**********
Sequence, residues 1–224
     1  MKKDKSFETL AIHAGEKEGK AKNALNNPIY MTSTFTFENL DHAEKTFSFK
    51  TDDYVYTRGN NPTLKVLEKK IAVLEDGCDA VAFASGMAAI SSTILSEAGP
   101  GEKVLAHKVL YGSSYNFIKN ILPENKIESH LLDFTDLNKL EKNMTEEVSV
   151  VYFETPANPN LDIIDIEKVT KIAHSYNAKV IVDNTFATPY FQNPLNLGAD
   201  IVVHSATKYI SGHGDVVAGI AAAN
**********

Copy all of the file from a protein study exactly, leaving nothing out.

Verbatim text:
Sequence, residues 1–224
     1  MKKDKSFETL AIHAGEKEGK AKNALNNPIY MTSTFTFENL DHAEKTFSFK
    51  TDDYVYTRGN NPTLKVLEKK IAVLEDGCDA VAFASGMAAI SSTILSEAGP
   101  GEKVLAHKVL YGSSYNFIKN ILPENKIESH LLDFTDLNKL EKNMTEEVSV
   151  VYFETPANPN LDIIDIEKVT KIAHSYNAKV IVDNTFATPY FQNPLNLGAD
   201  IVVHSATKYI SGHGDVVAGI AAAN